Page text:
From a motion on the Newsquest South London dispute over job cuts passed by the London Assembly: "London needs quality local newspapers to ensure democratic scrutiny, accountability, and to encourage an informed and active citizenship – these proposals do not provide that. This Assembly calls on the Mayor to continue to engage with the NUJ and Newsquest in this dispute to find a solution that maintains the quality of the South London Press publications, and commit to look at ways in which local newspaper provision can be supported in London.”
Lawyers acting for the News Media Association in a letter to the Press Recognition Panel challenging the decision to recognise IMPRESS as a regulator: “Sir Brian Leveson stated that a regulatory body should ‘be established by the industry, that it be able to secure the voluntary support and membership of the entire industry.’ IMPRESS clearly fails to meet this requirement… IMPRESS is, quite simply, unable effectively to regulate the press as it will not secure membership or support of a significant part of the industry, let alone its entirety.”
Roy Greenslade on his MediaGuardian blog: "The government, having realised the implications after intense lobbing by publishers, has yet to trigger section 40, but it’s on the statute book and could be introduced at any time. Whether you see this as a carrot to lure publishers into an approved regulator or a stick to compel them to do so, it is a form of blackmail and, by extension, inimical to freedom of expression. Why? Because it is conceivable that a publisher outside the system, such as the Guardian or Private Eye, could face crippling legal costs."
Frederic Filloux on the Monday Note: "Today, the economic value of a journalism item stems from its popularity, i.e. the number of clicks (or views) it generates. A well-crafted listicle put together by a clever Millennial will generate more revenue that any public-interest piece, this in total disregard for who actually reads it, for how long, etc. That’s the absurdity in today's system."
Guido Fawkes: "Sun reporter Anthony France, the only journalist found guilty following the Met Police’s disastrous Operation Elveden, has had his conviction quashed. France’s ordeal lasted 1,379 days – he was convicted last May – yet today he was cleared by the Court of Appeal in a 30 second hearing. Operation Elveden, which targeted journalists and arrested over 20 Sun reporters, wasted the time of 60 police officers and cost the taxpayer £30 million, has now failed to convict a single journalist."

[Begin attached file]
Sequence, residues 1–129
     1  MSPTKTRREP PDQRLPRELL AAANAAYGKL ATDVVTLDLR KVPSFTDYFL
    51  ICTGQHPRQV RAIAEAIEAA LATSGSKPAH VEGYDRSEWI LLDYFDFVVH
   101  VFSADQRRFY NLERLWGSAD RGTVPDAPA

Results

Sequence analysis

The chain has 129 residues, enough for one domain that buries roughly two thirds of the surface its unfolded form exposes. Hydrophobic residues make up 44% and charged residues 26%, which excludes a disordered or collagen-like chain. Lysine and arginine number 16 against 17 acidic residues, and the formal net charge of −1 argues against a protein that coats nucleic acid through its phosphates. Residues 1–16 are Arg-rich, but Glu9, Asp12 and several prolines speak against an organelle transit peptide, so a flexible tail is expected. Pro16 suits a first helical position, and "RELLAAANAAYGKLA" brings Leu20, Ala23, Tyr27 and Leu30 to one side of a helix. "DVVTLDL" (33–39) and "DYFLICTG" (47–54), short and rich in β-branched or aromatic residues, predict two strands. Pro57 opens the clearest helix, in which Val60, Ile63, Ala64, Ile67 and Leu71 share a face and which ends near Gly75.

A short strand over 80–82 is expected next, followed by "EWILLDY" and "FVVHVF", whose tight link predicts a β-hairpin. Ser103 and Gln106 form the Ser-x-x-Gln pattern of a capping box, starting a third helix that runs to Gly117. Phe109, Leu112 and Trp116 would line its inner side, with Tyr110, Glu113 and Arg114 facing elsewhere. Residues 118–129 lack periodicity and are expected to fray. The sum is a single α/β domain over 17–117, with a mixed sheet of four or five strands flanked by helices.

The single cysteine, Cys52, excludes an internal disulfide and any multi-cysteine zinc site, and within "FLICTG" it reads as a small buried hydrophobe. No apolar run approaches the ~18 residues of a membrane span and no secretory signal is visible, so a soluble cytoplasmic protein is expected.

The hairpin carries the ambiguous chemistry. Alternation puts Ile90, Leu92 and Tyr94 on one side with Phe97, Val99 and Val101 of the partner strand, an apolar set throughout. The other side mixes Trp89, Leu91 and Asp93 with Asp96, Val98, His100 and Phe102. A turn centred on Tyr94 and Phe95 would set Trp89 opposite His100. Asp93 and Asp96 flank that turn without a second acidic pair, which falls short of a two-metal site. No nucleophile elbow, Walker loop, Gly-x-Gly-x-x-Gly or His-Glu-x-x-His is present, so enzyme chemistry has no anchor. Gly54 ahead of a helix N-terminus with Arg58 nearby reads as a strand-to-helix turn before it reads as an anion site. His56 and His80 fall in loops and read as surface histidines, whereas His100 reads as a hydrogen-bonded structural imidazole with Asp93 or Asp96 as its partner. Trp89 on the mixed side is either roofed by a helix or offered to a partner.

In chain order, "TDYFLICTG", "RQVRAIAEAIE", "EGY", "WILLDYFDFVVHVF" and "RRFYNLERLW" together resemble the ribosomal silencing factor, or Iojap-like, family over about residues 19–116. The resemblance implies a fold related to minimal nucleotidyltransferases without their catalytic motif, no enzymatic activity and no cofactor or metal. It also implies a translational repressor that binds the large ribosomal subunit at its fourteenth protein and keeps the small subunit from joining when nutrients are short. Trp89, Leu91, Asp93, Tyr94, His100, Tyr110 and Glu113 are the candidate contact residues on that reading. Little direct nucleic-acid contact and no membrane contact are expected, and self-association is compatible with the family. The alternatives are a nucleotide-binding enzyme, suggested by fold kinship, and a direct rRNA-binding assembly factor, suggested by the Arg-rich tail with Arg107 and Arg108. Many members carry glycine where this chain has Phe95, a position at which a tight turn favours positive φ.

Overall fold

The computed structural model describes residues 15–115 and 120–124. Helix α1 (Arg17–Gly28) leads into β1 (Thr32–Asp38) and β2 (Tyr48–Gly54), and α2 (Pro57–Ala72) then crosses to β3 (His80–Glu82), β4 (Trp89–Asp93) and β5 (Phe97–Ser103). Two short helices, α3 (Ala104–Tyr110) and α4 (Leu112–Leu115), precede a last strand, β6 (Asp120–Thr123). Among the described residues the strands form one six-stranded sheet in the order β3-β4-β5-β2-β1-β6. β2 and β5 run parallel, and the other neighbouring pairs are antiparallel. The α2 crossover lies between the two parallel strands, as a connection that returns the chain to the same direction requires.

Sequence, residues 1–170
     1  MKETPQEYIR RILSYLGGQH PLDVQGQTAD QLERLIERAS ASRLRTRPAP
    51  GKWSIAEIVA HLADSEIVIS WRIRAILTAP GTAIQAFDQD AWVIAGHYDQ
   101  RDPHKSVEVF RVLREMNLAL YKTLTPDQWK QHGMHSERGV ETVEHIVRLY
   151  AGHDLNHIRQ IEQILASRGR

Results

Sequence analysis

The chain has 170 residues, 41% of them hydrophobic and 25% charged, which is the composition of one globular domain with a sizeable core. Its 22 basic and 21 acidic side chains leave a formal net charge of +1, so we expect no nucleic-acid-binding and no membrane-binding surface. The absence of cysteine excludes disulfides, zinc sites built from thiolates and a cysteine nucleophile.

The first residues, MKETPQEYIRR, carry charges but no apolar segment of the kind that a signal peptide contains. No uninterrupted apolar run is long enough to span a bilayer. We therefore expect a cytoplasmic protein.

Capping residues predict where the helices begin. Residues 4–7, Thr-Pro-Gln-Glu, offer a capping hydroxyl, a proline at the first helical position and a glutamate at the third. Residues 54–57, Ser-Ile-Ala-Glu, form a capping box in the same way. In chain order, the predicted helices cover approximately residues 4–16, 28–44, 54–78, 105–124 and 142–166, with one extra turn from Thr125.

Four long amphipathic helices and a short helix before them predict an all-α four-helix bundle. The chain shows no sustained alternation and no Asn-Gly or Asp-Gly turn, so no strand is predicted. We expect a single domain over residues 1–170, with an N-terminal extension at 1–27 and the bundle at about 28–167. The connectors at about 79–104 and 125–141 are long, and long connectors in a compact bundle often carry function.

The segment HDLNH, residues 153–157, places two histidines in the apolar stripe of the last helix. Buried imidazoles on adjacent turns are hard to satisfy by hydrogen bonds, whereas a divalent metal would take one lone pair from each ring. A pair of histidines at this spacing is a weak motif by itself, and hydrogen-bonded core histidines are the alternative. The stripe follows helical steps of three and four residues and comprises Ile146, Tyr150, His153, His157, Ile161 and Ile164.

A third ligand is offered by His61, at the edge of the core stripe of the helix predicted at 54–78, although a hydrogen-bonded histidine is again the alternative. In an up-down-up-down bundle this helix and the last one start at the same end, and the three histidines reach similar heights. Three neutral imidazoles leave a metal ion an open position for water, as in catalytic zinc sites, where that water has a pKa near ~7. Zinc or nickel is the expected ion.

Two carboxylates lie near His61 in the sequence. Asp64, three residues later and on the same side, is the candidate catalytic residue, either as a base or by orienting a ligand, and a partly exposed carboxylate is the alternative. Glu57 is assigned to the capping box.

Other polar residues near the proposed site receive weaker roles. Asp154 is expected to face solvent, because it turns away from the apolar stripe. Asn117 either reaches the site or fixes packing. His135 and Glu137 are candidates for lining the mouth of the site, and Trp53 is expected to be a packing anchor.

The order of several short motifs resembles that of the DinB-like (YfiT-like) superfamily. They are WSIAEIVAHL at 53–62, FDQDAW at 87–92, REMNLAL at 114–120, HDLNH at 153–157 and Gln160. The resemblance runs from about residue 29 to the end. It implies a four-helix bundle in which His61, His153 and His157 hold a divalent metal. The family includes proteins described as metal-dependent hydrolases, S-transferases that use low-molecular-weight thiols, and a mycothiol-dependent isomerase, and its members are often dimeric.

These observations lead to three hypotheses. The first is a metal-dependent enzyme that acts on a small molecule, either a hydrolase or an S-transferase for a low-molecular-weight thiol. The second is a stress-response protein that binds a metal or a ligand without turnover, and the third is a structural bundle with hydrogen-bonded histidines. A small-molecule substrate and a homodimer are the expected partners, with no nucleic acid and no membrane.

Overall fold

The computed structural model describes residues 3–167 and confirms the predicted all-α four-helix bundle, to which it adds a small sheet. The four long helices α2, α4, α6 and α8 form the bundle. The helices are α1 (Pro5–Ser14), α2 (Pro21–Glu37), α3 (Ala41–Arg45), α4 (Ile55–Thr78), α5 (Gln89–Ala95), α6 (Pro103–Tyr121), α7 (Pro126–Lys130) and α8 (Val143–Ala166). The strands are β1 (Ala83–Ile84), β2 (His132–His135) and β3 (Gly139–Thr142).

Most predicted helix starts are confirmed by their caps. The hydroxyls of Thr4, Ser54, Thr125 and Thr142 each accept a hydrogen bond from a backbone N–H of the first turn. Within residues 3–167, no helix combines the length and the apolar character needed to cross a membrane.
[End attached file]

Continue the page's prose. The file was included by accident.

Anthony France, quoted by Press Gazette: “Having spent more than three years and nine months fighting to clear my name, this is not a time for celebration. Nobody has ‘won’ and the public are less informed.”
The Daily Mail in a leader: "Lovers of justice will shudder at the cringe-making collusion between police and the BBC to destroy Sir Cliff Richard over spurious allegations of child abuse. Imagine the BBC’s outrage if a newspaper had broken the story in such an invasive and sensationalist manner, with such disturbing disregard for the presumption of innocence. Yet, after a cosy in-house inquiry, director-general Tony Hall insisted the BBC had no need to apologise for its coverage. This week’s court papers tell a very different story. We hear a great deal from self-professed liberals about the need for state control of the Press – already the most strictly regulated in the free world. But shouldn’t true freedom-lovers target the over-mighty, statist, self-regulating BBC."
From The Justice Gap: "More than half of all local newspaper editors acknowledge that the courts are not being adequately covered in their own papers, according to new research by the Justice Gap. The study also reports a 40% drop off in the number of court stories on a single day this year compared to the same date four years ago."
Gareth Davies @Gareth_Davies09 on Twitter: "Reporters often sent to cover openings and only able to return for the verdicts, resulting in inaccurate/misleading copy."